Phrase of the Day | Ginger Software

Phrase of the Day

Ginger’s Phrase of the Day provides you with a daily dose of interesting facts and trivia on some of the more, and less, common phrases in the English language. Learn the real meaning behind these phrases, when and how to use them and other less-known info behind each phrase.

Fall off the wagon

To Fall Off The Wagon

This phrase ‘To fall off the wagon’ is usually said on a recovering alcoholic, which means that someone has returned to drinking alcohol after a passé of abstinence.

Example in use:  “Anna hadn’t had a beverage in a decade, but when her husband of eleven years left her, she fell off the wagon again.”

Fall At The First Hurdle

Fall At The First Hurdle

The phrase ‘fall at the first hurdle’ is used to say when someone fails at an early phase of a task.

Example in use: ‘The idea could fall at the first hurdle if they fail to secure the investors approval”


Round of Drinks

The phrase ’round of drinks’ is usually said on someone who purchases alcoholic beverages for a group of  people.

Example in useIt’s my birthday! The first round of drinks is on me!


Deep Pockets

Deep Pockets

The phrase ‘deep pockets’ means that someone is very wealthy or has a lot of money.

Example in use: One of our partners has deep pockets, we are hoping that his money will help us fund the startup.


match made in heaven

Match Made In Heaven

The phrase ‘match made in heaven’ is usually said when a couple look like they are just perfect for each other.

Example in use: Looks like Michael and Shir are about to get hitched soon, they are really a ‘match made in heaven’.



To Groom Someone

The phrase ‘To Groom Someone ’ means that someone is being prepared for a specific position or situation.

Example in use: “Ronen is grooming Alex for the new position within the company”.


cup of tea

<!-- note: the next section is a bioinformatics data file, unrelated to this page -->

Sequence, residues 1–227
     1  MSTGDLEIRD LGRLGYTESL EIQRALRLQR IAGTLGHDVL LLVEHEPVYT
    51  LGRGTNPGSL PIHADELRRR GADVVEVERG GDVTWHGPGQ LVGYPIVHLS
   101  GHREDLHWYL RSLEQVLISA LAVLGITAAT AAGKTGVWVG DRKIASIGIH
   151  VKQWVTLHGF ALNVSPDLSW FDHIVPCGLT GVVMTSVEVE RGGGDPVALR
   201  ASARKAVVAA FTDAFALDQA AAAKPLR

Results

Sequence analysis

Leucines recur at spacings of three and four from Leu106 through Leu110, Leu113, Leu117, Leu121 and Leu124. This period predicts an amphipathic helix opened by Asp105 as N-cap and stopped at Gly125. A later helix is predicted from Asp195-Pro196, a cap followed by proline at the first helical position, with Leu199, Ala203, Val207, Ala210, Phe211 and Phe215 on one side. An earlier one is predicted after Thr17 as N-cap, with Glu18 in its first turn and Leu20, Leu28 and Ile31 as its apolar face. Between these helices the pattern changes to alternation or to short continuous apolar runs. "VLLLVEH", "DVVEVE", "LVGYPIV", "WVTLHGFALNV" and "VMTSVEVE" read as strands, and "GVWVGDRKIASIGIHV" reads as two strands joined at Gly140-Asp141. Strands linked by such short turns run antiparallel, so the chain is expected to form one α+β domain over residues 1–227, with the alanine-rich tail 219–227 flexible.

Cup of Tea

The phrase ‘cup of tea’ is used to define something you like, or perhaps something you’re good at doing.

Example in use: “Fiction novels aren’t really my cup of tea. To be frank, I prefer crime thrillers  or historical books.”

Cold turkey

Cold Turkey

You use the phrase ‘Cold Turkey’ to talk about the sudden and total withdrawal from a substance like alcohol or cigarettes, as well as the psychological or physiological effects resulting from that withdrawal. Going ‘Cold Turkey’ means literally stopping such a habit abruptly and completely.

Example in use:  “I’m going to quit smoking, cold turkey. It’s faster than stopping gradually and I’ll get healthy quicker.”


If You Can’t Take The Heat

The phrase ‘If you can’t take the heat’ indicates that if one is unable to cope with a stressful situation, then one should leave it to someone else who can handle it. The expression is also commonly used as ‘If you can’t stand the heat, get out of the kitchen’.

Example in use:

Sam: “I’m really stressed about all the cold calling I have to do for work.”
Mark: “Maybe you should find a different job. You know what they say: If you can’t stand the heat, get out of the kitchen.”


pop the question

Pop The Question

The phrase pop the question is used when a guy to ask a lady to marry him. (Nowadays it’s also common that a woman asks the man to marry her).

Example in use: Michael popped the question last night! Andrea is delighted, she is more than ready to get married and settle down.”